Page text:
Amendments to ease requirements for Visa, MasterCard introduced to Duma

Amendments to the Law on the National Payment Cards System that open up the opportunity to revise tougher demands applicable to international payments systems have been introduced to the State Duma, a source familiar with the text of the amendments told reporters on the on the sidelines of the St. Petersburg International Economic Forum.

Amendments to the Law on the National Payment Cards System that open up the opportunity to revise tougher demands applicable to international payments systems have been introduced to the State Duma, a source familiar with the text of the amendments told reporters on the on the sidelines of the St. Petersburg International Economic Forum.

Several Russian banks found that payment operations on the Visa and MasterCard cards they had issued were suspended after the U.S. imposed sanctions over Ukraine. St. Petersburg's Rossiya Bank was the largest bank targeted by sanctions. It was joined by a subsidiary, Sobinbank, as well as SMP Bank and InvestCapitalBank (Ufa).

The issue of creating a national payment card system took on urgency after the U.S. sanctions were imposed. The State Duma approved a bill on formation of the system at the end of April and the president signed it into law at the beginning of May. The goal of the new law is to ensure uninterrupted, efficient and accessible non-cash payment services.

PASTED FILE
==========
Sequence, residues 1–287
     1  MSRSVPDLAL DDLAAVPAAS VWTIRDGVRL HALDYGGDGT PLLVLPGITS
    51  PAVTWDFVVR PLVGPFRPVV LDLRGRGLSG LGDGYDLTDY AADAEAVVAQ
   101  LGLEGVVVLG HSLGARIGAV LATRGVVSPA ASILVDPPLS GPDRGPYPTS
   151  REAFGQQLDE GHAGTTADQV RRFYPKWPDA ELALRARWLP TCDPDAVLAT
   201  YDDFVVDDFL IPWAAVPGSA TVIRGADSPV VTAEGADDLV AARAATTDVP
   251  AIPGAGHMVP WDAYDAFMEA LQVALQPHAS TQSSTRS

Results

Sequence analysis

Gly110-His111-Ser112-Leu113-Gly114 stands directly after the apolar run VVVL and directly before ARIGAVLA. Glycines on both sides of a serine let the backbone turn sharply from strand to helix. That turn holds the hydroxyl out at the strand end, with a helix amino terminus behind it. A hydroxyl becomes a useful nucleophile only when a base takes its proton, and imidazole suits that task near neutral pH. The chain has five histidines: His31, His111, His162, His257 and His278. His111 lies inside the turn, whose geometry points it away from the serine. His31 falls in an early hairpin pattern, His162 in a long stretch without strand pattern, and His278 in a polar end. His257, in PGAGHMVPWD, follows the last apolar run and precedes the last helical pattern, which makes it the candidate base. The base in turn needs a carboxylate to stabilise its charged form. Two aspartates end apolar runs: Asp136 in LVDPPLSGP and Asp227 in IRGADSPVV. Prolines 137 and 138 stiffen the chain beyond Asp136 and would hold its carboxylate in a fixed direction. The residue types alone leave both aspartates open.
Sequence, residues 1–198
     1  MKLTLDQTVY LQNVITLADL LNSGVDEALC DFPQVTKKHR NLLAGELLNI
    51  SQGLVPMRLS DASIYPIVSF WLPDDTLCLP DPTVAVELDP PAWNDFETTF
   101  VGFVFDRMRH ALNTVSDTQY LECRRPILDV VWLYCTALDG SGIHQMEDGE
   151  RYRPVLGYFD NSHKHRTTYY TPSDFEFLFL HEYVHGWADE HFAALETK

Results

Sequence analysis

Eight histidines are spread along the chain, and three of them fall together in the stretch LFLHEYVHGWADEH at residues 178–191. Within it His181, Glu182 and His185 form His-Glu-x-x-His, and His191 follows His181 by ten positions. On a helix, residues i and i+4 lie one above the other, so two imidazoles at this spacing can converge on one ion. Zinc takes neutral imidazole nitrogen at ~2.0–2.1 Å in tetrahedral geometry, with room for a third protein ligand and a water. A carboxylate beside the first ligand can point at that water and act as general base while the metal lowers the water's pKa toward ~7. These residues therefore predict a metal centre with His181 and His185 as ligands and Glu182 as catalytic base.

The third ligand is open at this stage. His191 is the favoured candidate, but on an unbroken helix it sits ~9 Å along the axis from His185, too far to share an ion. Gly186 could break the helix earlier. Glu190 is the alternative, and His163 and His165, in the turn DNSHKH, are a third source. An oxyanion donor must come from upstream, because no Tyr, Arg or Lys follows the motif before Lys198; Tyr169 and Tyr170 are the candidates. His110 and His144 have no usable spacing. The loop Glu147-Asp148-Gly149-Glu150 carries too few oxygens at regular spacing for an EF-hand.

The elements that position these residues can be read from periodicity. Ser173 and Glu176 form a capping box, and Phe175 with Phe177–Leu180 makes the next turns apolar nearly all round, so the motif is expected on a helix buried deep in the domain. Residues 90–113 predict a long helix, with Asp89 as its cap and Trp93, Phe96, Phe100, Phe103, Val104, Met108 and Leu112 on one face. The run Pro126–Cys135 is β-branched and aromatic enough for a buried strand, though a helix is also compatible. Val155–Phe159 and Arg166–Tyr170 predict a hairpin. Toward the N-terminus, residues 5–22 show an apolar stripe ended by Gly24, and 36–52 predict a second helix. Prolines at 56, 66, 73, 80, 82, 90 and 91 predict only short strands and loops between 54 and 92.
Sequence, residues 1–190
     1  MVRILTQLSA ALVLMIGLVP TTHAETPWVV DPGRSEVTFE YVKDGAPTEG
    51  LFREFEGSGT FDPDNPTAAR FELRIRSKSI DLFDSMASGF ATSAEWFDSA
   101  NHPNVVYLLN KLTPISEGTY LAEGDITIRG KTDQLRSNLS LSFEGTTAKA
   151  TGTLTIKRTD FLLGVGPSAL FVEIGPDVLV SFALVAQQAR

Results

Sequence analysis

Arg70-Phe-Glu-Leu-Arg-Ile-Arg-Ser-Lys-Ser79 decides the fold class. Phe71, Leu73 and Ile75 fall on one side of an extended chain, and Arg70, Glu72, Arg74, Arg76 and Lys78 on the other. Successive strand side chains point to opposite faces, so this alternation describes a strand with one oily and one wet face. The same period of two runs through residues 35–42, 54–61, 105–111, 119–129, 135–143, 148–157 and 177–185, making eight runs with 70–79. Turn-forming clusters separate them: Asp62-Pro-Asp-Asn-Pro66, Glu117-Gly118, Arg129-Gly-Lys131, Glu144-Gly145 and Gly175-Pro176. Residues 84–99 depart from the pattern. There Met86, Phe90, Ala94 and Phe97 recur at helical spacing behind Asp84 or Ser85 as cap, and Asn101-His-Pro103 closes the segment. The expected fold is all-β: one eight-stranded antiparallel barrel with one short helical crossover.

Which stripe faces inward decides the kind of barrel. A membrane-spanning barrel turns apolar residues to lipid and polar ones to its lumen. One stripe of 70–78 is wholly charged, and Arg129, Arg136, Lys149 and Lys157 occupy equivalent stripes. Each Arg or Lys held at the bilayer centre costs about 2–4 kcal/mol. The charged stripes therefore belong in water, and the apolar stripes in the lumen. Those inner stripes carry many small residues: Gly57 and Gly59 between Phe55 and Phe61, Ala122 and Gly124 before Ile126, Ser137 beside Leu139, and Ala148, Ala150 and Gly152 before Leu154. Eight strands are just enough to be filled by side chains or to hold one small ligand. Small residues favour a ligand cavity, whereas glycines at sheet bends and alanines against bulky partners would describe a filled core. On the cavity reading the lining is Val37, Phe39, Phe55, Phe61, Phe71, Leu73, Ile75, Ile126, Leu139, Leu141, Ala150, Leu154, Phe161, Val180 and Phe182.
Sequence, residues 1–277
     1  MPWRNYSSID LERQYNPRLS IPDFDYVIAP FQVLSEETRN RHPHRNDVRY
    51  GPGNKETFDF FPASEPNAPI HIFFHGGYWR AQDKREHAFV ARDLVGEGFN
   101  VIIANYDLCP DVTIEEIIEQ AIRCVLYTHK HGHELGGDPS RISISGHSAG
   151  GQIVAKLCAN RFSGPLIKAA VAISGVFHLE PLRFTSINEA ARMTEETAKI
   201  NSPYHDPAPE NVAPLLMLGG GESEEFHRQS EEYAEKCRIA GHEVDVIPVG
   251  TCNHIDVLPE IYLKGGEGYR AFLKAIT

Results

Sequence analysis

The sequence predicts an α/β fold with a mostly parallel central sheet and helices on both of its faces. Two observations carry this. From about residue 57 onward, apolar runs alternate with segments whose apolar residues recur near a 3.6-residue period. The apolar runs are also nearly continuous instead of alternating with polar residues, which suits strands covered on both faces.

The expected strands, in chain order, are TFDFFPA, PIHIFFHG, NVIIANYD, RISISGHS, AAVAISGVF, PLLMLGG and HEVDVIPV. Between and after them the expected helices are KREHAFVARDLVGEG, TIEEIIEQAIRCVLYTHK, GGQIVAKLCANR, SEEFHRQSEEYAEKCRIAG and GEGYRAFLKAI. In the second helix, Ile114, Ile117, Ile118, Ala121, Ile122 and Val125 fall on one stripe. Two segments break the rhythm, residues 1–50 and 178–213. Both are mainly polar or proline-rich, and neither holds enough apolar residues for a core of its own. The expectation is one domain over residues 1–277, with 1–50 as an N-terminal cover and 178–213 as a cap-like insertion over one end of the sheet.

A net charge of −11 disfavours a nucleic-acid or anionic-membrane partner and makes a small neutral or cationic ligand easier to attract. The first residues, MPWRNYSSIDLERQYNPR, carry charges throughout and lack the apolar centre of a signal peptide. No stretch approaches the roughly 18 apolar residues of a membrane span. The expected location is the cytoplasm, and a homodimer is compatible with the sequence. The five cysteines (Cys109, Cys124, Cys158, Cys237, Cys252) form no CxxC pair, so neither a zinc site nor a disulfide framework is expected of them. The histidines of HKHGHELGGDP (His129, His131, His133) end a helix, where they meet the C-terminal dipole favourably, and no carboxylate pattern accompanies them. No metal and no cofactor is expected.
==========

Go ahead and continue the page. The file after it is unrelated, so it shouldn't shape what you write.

In addition, the new law required that outside payment systems place an amount equal to two days' worth of their Russian turnover on deposit with the Central Bank of Russia. The deposits are to be formed gradually, with one-fourth of the average daily total paid in each quarter.

Failure to make the prescribed deposits will result in a fine equal to the shortfall. If the payment system operator unilaterally stops servicing cards, it will be fined 10 percent of the total guarantee deposit for each day of delay.

The international payment systems expressed serious concern about the tougher requirements and said they would work closely with the Russian authorities to find a solution.

The source said on the sidelines of the St. Petersburg forum that the right to set the size of the deposit and penalties might now be governed not by a law but by a bylaw or regulatory act, which either the government or the Central Bank will draft. The requirement for the size of the deposit and the penalties could be eased," the source said.

"This will be determined not by a law but by subordinate legislation," the source said.

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